THALI, Nepal, May 19 (Reuters) - Nepali tea shop owner Phurba Sherpa has spent four nights cramped under a tarpaulin with his wife and nine others on a school field outside Kathmandu since falling rocks triggered by an earthquake last week demolished his distant mountain village.
The Nepali government is struggling to provide shelter for more than a million people like Sherpa who were uprooted by two massive earthquakes, first on April 25 and then 17 days later.
Tens of thousands are sleeping in the open, with monsoon rains possibly little more than a fortnight away.
Night falls in Kathmandu. We sleep in the streets, in the tents, in the parks. The last strong tremor still present in the body. Local or foreigner, it doesn’t matter. In the darkness, we are equally together and alone. All the senses are amplified, each sound is recorded, every movement in the ground.
cnn.com - by Greg Botelho and Jethro Mullen - May 12, 2015
Just over two weeks after thousands died in a mammoth earthquake, Nepal got hit hard again Tuesday -- with another powerful tremor that has left dozens more dead, more than 1,000 injured and questions about what's next for the already traumatized Asian nation.
The fact that Nepal just endured a similar horror, not to mention waves of aftershocks that followed, didn't diminish Tuesday's damage or shock. More buildings collapsed, more landslides rumbled, and more people scrambled for their lives.
Countless Nepalis face long battles with anxiety and depression after the country's devastating recurring earthquakes and hundreds of aftershocks, aid workers and mental health professionals warned.
Delilah Borja, Save the Children's country director in Nepal, said the organization was "extremely concerned about the emotional well-being" of kids who were caught up in the two major quakes.
"The second quake in particular has created a new level of terrifying uncertainty as those affected must now ask themselves if another deadly earthquake is coming," she said in a statement released on Wednesday.
LALITPUR, APR 28 - With the lack of safe drinking water after the April 25 earthquake , people in Khokana village, the southern outskirt of the Kathmandu Valley, has begun suffering from diarrhoea.
Although the villagers initially got treatment at local health posts, the number of the sufferers increased. So, they were referred to better hospital and the health camps run by the Nepal Army, said a local social worker, Nepal Dangol.
Similarly, Shivaram Baniya from Adarshashaul Higher Secondary School said more than 100 diarrhoea patients have been provided treatment at health camps run by a joint team of Nepal Army and the Bangladesh Army. RSS
"Beach ball" mobile antenna being inflated in Chautara, Nepal, image provided by the World Food Programme, 12 May 2015.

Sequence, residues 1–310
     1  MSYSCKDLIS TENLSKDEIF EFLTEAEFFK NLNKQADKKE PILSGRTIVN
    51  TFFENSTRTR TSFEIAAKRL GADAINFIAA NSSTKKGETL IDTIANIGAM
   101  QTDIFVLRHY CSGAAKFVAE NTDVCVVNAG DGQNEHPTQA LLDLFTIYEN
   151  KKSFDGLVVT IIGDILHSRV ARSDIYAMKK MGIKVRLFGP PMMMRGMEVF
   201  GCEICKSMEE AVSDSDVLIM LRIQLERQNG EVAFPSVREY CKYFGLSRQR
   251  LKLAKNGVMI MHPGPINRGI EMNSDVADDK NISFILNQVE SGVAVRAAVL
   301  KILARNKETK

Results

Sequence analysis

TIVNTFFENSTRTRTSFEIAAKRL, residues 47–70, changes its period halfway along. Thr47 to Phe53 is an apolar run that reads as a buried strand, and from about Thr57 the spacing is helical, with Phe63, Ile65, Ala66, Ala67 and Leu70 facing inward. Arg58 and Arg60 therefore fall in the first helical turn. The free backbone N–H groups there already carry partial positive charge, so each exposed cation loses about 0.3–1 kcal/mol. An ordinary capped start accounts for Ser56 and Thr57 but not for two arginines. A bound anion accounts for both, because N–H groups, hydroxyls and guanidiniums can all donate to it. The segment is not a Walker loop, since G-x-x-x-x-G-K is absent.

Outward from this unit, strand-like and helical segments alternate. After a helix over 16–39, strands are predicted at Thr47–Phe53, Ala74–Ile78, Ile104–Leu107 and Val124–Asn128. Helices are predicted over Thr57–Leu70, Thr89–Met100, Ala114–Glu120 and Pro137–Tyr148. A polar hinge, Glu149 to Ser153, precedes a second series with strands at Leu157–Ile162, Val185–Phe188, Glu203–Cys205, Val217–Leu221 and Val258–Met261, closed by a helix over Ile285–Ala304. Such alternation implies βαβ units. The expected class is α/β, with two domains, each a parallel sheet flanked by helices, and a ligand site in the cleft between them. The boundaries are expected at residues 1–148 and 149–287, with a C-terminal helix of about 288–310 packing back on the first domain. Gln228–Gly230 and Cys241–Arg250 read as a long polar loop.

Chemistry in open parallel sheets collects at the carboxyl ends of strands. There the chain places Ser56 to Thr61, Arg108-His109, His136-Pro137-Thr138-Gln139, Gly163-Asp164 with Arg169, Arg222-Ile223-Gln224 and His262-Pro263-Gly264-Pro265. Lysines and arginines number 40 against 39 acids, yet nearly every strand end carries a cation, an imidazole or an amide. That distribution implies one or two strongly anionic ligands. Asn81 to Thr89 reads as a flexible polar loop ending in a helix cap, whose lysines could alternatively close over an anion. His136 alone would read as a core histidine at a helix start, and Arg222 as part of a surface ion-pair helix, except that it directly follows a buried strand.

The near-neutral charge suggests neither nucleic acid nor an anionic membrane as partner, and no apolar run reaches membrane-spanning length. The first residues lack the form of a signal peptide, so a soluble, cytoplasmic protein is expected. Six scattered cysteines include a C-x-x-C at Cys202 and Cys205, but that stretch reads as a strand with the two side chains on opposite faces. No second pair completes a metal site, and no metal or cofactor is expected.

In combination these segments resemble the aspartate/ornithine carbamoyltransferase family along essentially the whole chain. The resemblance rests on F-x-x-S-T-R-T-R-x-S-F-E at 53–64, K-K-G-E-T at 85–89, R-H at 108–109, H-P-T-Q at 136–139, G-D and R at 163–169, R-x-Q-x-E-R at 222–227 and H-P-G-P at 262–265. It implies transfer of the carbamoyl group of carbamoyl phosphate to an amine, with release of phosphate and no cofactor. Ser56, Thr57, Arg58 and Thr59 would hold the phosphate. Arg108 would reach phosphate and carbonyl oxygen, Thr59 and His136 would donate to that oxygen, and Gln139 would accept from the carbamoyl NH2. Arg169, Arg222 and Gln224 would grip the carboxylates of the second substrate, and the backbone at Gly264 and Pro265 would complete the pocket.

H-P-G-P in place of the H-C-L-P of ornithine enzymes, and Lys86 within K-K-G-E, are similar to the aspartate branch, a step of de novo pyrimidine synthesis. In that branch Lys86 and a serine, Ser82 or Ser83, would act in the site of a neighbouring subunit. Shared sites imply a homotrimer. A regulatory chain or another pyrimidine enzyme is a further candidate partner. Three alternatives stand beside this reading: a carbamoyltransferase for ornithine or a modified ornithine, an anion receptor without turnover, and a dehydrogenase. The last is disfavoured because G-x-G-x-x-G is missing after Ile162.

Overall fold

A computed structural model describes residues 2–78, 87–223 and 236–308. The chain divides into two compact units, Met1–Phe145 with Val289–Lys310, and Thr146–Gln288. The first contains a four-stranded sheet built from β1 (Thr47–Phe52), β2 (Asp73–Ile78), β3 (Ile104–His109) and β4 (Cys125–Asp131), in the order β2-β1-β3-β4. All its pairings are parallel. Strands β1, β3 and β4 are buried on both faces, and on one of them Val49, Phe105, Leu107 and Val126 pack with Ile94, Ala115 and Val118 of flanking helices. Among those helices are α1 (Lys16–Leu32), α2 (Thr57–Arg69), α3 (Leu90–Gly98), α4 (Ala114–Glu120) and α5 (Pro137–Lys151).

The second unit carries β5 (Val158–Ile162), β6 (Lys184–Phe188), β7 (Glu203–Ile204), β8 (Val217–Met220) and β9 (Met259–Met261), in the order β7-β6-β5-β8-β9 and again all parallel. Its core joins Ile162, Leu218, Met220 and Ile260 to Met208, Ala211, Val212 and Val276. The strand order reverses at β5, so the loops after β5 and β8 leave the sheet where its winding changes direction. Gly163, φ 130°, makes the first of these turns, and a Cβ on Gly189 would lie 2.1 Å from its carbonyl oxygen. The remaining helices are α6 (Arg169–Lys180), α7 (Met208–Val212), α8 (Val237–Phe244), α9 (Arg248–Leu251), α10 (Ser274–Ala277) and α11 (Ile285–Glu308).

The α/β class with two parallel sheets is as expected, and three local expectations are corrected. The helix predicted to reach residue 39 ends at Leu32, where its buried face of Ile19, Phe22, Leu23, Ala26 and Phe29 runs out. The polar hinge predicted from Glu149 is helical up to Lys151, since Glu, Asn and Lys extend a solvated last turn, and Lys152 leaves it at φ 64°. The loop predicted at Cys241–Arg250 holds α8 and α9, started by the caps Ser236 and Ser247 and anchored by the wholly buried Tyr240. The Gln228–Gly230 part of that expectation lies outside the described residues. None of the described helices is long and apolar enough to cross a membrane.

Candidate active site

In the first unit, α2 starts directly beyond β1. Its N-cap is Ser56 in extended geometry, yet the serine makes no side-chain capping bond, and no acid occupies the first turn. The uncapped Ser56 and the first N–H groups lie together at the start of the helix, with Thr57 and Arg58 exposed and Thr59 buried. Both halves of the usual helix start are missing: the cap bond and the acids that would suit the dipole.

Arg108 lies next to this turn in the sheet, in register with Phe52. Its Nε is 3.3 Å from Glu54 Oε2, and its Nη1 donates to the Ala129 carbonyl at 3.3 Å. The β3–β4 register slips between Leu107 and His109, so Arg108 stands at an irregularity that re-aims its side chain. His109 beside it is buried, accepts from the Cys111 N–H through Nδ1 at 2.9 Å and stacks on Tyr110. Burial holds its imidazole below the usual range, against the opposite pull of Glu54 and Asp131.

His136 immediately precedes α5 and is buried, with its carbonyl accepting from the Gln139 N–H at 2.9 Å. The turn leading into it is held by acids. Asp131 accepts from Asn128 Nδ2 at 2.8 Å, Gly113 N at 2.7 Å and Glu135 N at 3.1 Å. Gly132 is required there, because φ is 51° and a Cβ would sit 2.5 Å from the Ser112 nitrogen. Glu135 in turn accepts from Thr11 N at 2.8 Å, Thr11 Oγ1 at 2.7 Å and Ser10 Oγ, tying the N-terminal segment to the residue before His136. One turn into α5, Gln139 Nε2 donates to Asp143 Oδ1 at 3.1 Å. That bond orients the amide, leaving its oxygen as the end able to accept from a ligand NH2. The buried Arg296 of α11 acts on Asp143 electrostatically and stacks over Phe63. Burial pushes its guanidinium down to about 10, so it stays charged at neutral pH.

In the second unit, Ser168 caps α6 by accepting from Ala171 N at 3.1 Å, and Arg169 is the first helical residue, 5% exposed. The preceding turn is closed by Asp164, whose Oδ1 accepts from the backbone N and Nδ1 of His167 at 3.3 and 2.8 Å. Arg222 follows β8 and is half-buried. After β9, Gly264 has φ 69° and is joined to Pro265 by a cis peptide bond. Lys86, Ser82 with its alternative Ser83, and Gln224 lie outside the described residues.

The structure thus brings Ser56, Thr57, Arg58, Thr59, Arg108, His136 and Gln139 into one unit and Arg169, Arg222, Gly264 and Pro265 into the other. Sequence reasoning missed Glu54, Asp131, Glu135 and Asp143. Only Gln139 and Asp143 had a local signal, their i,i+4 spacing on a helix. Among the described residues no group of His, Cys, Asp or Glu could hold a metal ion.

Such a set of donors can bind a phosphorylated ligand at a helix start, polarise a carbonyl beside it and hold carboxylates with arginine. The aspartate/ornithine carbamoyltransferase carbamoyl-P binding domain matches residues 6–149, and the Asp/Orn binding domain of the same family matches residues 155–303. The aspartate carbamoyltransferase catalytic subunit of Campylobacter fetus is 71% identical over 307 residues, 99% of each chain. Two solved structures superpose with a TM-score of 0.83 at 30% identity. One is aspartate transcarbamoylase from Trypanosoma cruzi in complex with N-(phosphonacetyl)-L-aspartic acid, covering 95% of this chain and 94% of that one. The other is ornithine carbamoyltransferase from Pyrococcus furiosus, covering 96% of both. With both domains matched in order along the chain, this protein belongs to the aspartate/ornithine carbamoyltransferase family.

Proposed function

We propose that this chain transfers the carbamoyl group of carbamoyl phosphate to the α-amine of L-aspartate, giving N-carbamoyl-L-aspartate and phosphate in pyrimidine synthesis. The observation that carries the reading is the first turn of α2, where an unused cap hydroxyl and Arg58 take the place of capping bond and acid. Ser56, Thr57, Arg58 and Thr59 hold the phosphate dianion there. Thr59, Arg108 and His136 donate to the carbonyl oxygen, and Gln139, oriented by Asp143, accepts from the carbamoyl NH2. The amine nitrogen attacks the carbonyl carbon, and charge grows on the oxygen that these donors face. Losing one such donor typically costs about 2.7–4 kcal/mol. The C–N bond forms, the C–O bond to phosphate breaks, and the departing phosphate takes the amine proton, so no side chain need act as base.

trust.org - in.reuters.com - by Joseph D'Urso - May 12, 2015
LONDON, May 12 (Thomson Reuters Foundation) - Buildings wrecked by Tuesday's earthquake in Nepal, already weakened by last month's huge quake which killed over 8,000, will take years to rebuild. But another type of infrastructure will bounce back much sooner: communication networks.
Enabling aid workers and civilians to access the internet, make a phone call or send a text is now seen as a vital part of any humanitarian response. The World Food Programme (WFP) has deployed some innovative kit to make this possible in Nepal.
NEW YORK TIMES OPINON PAGE by Andrew Revkin April 29, 2015
Yesterday, I received word of a chillingly high projection of the eventual death count in the Nepal earthquake, made by a longtime and respected analyst of seismic hazards, Max Wyss, who was on the faculties of the Universities of Colorado and Alaska and is now affiliated with the International Center for Earth Simulationin Geneva, Switzerland.
Washington, D.C.– The Department of Homeland Security (DHS) Science and Technology Directorate (S&T), in partnership with the National Aeronautics and Space Administration's (NASA) Jet Propulsion Laboratory, announced today the transition of the final prototype of the Finding Individuals for Disaster and Emergency Response (FINDER) technology to the commercial market. FINDER is a radar technology designed to detect heartbeats of victims trapped in wreckage. Two commercial partners have been licensed to manufacture the device: R4 Inc. of Eatontown, N.J. and SpecOps Group Inc. of Sarasota, Fla.
Earlier today, S&T and NASA demonstrated its newest capabilities at the Virginia Task Force One (VA-TF1) Training Facility in Lorton, Va., finding “survivors” in a simulated disaster. This is thanks to the new locator feature, which can help pinpoint the location of the victim to within about five feet – depending on the type of rubble. This key change saves rescuers time, increasing chances for locating survivors.
Expert medical and non-medical expert teams are assisting victims of the Nepal Earthquake, which shook the Kathmandu Valley before noon on Saturday 25 April.
We currently have approximately 120 staff working in Nepal.
An MSF surgical team provided support for three days at the hospital in Bhaktapur, on the outskirts of Kathmandu, in order to help the staff operate on waiting patients.
In the town of Arughat, in Gorkha district, we are setting up a 20-bed inflatable hospital to initially provide treatment for wounded people.
We are adding mental health workers to our teams to begin providing psychological first aid in villages where people have suffered severe psychological trauma.
We have flown in more than 80 tonnes of supplies.
Update: 5 May 2015
Since 29 April, Médecins Sans Frontières/Doctors Without Borders (MSF) medical teams in Nepal have started reaching people spread across isolated mountain villages by helicopter and on foot. The districts of Dhading, Gorkha, Rasuwa and Sindhupalchowk were hit hard on 25 April and little or no assistance has reached many villages.